What Is a Dependency in Project Management?

What are Project Management Dependencies, and How do You Manage Them?

You wake up, check your mail, have a bath and breakfast, and drive to the office.

For many, that’s a typical start to the day. Yet, all those actions are dependent on each other. In this example, the right order of activity, as well as electricity, water, and roads, are some of the dependencies.

It’s the same with project management. One glossary of project management terms defines dependency as “a relation between activities, such that one requires input from the other.” With a dependency, “the next task or group of tasks cannot begin until preceding work has been completed.”

In this guide, we’re going to cover:

  • The importance of dependency management
  • Types of dependencies
  • How to manage dependencies

These are essential elements to understand and master. Viewing a project as a large series of interlinked parts goes a long way in proper planning and execution.

The Importance of Dependency Management

As a project manager, you must already know of the constraints that every project faces. This is the famous triangle of cost, scope, and time. Successful completion and quality depend on effectively managing these three

Such constraints often lead to dependencies. For example, if part of the project scope is to cut down ten trees, and costs permit only one axe, then the cutting down of one tree is dependent on successful cutting down of the previous one.

Managing dependencies is critical when it comes to handling and finishing all the related processes of a project. This helps to:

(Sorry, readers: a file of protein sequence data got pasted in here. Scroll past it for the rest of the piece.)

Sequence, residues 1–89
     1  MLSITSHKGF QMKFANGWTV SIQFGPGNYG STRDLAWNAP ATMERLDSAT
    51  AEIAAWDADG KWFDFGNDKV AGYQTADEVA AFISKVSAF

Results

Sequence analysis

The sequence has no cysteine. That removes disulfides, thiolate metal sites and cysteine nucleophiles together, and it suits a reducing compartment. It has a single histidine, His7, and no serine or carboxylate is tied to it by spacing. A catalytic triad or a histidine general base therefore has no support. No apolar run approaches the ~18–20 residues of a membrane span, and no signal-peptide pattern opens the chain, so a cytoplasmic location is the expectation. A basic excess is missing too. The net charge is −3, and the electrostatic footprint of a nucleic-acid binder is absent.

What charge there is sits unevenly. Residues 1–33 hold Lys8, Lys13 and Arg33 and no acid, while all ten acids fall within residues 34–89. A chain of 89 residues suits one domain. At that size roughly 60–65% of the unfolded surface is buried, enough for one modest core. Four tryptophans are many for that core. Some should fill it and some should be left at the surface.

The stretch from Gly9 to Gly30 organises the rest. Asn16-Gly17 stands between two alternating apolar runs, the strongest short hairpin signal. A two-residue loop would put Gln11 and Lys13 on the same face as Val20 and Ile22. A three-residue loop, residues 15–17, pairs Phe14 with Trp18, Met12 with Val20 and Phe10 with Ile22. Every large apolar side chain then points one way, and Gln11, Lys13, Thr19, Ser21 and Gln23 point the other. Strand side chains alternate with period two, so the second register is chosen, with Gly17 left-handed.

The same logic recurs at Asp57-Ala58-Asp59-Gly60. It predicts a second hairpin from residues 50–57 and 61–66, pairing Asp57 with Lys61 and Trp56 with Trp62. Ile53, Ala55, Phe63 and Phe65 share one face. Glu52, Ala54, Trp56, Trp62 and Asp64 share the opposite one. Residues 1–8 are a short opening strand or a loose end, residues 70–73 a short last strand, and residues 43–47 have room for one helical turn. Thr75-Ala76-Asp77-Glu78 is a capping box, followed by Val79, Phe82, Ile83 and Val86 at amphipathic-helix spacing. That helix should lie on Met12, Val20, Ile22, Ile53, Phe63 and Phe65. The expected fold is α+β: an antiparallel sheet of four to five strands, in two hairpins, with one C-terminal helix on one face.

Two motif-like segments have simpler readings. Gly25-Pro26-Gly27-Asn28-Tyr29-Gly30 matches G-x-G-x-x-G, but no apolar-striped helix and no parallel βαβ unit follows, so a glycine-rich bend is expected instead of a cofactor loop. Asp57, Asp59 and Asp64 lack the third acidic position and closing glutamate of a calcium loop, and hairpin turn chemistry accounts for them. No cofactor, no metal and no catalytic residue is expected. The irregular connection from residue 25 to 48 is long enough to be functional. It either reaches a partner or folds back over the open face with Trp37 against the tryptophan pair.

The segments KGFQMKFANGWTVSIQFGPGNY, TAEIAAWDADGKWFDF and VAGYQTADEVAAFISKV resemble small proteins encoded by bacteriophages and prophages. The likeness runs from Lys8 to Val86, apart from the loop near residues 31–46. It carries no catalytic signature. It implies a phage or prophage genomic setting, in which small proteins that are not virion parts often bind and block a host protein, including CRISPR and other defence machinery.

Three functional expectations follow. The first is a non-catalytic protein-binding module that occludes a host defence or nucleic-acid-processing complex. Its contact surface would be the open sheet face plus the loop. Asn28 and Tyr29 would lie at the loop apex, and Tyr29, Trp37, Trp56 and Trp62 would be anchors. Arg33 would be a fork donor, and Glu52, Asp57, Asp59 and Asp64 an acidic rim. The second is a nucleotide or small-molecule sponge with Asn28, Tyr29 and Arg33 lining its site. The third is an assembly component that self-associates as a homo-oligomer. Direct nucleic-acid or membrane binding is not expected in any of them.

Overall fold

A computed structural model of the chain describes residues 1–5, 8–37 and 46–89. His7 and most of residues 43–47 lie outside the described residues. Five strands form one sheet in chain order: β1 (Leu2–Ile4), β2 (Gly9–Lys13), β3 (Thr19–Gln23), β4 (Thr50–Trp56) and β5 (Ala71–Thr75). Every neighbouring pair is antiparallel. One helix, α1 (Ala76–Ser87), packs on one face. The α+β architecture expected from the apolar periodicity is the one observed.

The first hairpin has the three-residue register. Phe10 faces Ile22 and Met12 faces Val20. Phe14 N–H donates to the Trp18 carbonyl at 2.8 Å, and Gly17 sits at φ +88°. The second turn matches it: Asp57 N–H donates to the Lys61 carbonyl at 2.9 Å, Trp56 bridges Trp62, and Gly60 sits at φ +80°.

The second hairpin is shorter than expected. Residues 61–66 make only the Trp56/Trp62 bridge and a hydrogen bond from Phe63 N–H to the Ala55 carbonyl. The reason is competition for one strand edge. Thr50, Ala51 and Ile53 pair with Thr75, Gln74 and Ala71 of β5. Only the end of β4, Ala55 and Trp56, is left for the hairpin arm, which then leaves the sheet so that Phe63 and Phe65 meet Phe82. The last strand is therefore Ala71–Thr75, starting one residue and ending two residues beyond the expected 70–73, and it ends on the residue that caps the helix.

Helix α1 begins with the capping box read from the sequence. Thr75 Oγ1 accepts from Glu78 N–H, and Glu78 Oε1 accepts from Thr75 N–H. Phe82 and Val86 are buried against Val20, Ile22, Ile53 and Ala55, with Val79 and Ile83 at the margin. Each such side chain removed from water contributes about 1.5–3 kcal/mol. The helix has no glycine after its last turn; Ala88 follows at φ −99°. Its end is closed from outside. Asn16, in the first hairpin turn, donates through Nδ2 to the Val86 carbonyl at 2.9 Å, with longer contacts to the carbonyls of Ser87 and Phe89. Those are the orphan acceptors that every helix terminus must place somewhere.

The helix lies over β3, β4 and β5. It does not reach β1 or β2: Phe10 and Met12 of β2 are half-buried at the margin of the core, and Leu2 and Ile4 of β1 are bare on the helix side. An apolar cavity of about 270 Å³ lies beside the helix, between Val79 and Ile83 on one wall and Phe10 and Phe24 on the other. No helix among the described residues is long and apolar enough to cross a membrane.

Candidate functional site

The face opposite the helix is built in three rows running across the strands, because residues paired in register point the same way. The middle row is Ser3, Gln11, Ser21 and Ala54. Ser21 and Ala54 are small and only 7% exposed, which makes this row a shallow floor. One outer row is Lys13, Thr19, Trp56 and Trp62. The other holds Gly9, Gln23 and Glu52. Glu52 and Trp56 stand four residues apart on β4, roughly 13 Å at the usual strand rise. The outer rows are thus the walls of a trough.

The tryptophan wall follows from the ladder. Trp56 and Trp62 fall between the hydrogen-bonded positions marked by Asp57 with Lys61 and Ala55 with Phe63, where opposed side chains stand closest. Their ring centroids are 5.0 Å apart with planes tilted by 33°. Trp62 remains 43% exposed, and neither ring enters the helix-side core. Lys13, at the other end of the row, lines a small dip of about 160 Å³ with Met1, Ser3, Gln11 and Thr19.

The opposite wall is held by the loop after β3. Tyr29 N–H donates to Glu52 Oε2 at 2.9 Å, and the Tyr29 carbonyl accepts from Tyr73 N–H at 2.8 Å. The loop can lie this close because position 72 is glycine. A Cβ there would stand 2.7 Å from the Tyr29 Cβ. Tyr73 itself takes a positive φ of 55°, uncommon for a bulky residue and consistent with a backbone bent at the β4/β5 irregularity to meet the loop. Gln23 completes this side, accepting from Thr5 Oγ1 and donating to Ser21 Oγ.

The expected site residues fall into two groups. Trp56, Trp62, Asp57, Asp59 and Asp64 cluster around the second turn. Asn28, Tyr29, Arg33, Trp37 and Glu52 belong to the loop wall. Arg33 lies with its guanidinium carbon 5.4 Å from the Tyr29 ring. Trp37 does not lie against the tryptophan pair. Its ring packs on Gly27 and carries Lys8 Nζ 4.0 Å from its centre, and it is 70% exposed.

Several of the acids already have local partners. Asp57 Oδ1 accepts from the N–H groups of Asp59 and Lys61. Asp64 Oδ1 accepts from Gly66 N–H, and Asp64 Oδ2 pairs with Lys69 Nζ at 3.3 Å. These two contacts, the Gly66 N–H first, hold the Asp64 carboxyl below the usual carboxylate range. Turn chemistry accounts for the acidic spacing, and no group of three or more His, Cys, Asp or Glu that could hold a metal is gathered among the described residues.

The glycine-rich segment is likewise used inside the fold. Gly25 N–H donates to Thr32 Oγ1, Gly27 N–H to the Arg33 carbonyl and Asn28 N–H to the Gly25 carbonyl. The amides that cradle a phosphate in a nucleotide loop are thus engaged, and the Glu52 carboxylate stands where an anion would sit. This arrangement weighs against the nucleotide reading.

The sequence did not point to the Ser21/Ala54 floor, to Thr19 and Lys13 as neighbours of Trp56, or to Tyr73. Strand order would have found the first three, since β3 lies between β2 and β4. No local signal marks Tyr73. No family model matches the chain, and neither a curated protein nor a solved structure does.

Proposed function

• Prioritize tasks, resources, and activities so that the most important ones are handled first, leading to optimum allocation of resources.
  • Create operational deadlines so that the path to project completion is without blocks or barriers.
  • Work out an efficient workflow that provides the right resources at the right time.
  • Keep the project moving smoothly without any delays in starting new tasks that are dependent on earlier ones.

Not only does dependency management keep a project well-oiled and on course, but it can also prevent risks from arising and upsetting deadlines.

As a conference paper at the Project Management Institute puts it, without a proper work breakdown, “the work to be accomplished will flounder, and the schedule will be unorganized and for the most part not executable.”

Once project dependencies have been thought through and mapped, the timelines become robust, and work proceeds efficiently.

Types of Dependencies

Dependencies vary according to the nature, size, and complexity of the project. It can be helpful to look at dependencies in three ways:

  • Logical dependencies: these are dependencies that are natural and inherent. Some steps simply cannot be completed unless previous steps have been completed first. For example, you cannot drive to your destination without first having enough petrol in the tank.
  • Resource dependencies: these are dependencies that are led by constraints. In an ideal scenario, project managers would have unlimited resources and personnel to tackle jobs as simultaneously as possible. Because this is never the case, the tasks and order can become dependent on the resources available to execute them.